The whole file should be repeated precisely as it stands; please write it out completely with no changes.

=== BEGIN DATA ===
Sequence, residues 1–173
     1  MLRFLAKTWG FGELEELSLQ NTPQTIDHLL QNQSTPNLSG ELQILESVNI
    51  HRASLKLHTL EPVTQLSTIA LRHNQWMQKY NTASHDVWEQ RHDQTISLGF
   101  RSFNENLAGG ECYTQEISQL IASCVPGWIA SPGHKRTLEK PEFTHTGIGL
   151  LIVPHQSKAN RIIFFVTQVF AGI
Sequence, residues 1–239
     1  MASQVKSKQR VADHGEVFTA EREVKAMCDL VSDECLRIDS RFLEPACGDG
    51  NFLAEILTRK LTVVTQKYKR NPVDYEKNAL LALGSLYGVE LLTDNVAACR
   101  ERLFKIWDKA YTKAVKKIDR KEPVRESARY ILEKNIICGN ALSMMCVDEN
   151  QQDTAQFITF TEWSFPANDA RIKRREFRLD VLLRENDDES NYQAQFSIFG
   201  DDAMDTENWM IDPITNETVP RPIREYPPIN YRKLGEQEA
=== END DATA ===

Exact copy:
Sequence, residues 1–173
     1  MLRFLAKTWG FGELEELSLQ NTPQTIDHLL QNQSTPNLSG ELQILESVNI
    51  HRASLKLHTL EPVTQLSTIA LRHNQWMQKY NTASHDVWEQ RHDQTISLGF
   101  RSFNENLAGG ECYTQEISQL IASCVPGWIA SPGHKRTLEK PEFTHTGIGL
   151  LIVPHQSKAN RIIFFVTQVF AGI
Sequence, residues 1–239
     1  MASQVKSKQR VADHGEVFTA EREVKAMCDL VSDECLRIDS RFLEPACGDG
    51  NFLAEILTRK LTVVTQKYKR NPVDYEKNAL LALGSLYGVE LLTDNVAACR
   101  ERLFKIWDKA YTKAVKKIDR KEPVRESARY ILEKNIICGN ALSMMCVDEN
   151  QQDTAQFITF TEWSFPANDA RIKRREFRLD VLLRENDDES NYQAQFSIFG
   201  DDAMDTENWM IDPITNETVP RPIREYPPIN YRKLGEQEA